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Center for Edge Computing and 5G

Blurry Line Between Edge and Center Has Disappeared


Computing architectures need to mix and match data, workloads, and their environments along the center-to-edge spectrum.

The edge has become indistinguishable from the center – it’s all a converged computing environment. Now, it’s a matter of deciding how to allocate workloads appropriately across what has become a wide spectrum of computing, enabled by emerging high-speed 5G connections.

That’s the gist of an industry panel discussion earlier this year involving representatives of telecom and infrastructure providers. To see how far we’ve progressed with this convergence, take a look at where workloads are going, says David Shacochis, VP of enterprise technology and field CTO for CenturyLink. “We’re starting to think about the workload as a pretty converged term – whether we’re talking about a virtualized network function, whether we’re talking about a more containerized network function running as a loosely coupled service, or whether we’re talking about a more traditional IT workload and all the different places that applications and business logic can run.”

The challenge, Shacochis says, is “figuring out all the different types of workloads and where they need to be running, and what sorts of types of business outcomes they can enable by putting the right workload on the right computing venue, connected to the right network, and then orchestrated.”

Along with workloads, data also is being generated and residing across all environments. “What’s going to really drive a lot of this is where the data has been created and how you’re going to use that data,” says David Lopez Meco, manager, connectivity innovation; project lead, enterprise networking, and edge computing for Telefónica. “There’s going to be an increasing trend that data is created and needs to be used outside of the data center or outside of the public cloud. The data can be created in shop floors in manufacturing and other locations.”

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Tremendous amounts of data will be created at the edge, says another panelist, Brian Lappin, head of product management, BT, who points out the different ways customers are going to try and use data at the edge will differentiate their capabilities. “If it’s a pop-up store or retail outlet or a manufacturing outlet or a distribution center, your data is going to be key,” he says. Add to this new capabilities such as artificial intelligence and machine learning, “which allow you to analyze that data and use it in real time.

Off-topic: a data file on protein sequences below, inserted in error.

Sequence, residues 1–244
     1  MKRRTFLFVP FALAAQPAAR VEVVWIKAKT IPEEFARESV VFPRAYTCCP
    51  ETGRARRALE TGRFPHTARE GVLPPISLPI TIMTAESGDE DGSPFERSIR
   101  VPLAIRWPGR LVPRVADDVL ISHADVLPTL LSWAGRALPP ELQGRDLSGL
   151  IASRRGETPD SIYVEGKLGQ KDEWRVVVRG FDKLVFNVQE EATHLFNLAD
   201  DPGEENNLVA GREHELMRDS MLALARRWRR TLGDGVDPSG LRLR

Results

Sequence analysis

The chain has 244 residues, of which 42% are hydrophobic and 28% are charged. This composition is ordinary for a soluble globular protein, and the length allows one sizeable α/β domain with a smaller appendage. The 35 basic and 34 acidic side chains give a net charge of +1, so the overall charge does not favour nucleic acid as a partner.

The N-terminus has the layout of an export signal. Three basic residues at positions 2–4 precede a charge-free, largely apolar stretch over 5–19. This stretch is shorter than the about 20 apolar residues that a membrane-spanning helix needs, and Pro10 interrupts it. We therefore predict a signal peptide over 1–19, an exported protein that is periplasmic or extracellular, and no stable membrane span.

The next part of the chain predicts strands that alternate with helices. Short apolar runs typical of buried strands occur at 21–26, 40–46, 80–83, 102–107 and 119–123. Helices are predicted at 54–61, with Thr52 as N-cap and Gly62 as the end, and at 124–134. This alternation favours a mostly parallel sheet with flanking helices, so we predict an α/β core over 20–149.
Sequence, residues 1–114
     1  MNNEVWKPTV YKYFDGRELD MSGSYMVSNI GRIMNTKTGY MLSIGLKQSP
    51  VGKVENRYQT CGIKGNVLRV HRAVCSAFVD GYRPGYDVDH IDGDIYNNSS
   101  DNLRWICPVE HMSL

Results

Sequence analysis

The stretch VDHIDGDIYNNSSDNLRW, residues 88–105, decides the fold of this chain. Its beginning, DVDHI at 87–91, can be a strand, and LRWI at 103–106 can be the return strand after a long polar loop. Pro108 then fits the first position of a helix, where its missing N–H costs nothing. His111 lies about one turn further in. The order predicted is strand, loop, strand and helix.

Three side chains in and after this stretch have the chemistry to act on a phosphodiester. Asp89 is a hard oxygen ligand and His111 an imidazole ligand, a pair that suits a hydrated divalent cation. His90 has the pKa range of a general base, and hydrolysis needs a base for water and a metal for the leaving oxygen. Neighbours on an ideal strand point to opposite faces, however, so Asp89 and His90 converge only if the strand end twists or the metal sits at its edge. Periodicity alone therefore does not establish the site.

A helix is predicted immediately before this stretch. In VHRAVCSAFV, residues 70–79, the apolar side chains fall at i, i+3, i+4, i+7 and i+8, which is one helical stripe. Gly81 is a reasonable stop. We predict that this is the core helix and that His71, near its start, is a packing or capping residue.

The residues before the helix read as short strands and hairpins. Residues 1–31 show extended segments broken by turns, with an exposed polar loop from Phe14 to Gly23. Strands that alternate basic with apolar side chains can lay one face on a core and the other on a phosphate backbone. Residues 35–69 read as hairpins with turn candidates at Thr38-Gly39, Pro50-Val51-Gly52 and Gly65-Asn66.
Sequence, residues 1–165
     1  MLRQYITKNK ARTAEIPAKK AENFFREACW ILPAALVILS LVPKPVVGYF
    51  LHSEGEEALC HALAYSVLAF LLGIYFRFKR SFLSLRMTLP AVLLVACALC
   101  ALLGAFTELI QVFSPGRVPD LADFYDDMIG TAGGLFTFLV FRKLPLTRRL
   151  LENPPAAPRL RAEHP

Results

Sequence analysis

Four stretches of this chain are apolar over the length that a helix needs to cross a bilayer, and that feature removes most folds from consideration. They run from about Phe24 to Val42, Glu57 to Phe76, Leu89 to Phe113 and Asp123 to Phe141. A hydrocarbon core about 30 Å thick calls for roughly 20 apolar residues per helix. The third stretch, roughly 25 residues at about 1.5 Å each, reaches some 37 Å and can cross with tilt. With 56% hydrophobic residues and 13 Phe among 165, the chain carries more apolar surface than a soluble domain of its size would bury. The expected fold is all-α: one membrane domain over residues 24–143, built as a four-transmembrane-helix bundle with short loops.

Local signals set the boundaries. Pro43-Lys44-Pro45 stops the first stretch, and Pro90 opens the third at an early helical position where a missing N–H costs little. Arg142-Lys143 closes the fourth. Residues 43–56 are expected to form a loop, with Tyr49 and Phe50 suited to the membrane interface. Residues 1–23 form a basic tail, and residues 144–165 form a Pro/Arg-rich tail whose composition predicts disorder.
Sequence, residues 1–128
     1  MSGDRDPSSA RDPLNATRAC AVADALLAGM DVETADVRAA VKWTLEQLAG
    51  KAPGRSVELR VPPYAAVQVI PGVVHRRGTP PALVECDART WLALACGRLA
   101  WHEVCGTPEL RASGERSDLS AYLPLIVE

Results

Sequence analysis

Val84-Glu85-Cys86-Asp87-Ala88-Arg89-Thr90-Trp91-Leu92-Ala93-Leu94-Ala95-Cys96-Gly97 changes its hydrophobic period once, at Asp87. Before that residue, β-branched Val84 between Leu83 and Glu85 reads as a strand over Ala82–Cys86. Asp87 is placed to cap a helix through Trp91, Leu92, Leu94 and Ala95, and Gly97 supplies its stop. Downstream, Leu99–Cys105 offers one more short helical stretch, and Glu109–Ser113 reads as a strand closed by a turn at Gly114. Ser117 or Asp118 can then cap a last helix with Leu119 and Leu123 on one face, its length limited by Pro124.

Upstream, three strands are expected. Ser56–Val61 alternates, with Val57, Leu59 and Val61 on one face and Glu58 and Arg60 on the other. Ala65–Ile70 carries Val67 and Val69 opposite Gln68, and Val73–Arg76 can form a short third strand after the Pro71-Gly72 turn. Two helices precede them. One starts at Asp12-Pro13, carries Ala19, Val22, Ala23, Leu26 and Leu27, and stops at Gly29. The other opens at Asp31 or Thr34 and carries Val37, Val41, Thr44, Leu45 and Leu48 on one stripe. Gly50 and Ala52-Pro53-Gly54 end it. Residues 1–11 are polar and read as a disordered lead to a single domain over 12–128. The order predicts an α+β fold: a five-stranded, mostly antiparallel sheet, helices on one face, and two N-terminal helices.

The enterprise edge “is going to be a key part of the customer’s environment, and the innovation around that, and how customers can use data, is really going to drive how we architect our network and how we architect our services to address those challenges and new requirements that customers have,” says Lappin.

Tomorrow’s computing architectures need to be adaptable enough to enable the opportunities to mix and match data, workloads, and their environments along the center-to-edge spectrum.  “That means you really need an architecture that can adhere to what people really need to do, depending on their business requirements,” says Bob Ghaffari, general manager of enterprise and cloud networking at Intel Corporation. “Enterprises are going to need to think about this whole concept of what you place on your enterprise edge, versus what you do locally in your local cloud, versus what you bring into the public cloud. It’s important to have an architecture that can address this.”


About Joe McKendrick

Joe McKendrick is RTInsights Industry Editor and industry analyst focusing on artificial intelligence, digital, cloud and Big Data topics. His work also appears in Forbes an Harvard Business Review. Over the last three years, he served as co-chair for the AI Summit in New York, as well as on the organizing committee for IEEE's International Conferences on Edge Computing. (full bio). Follow him on Twitter @joemckendrick.

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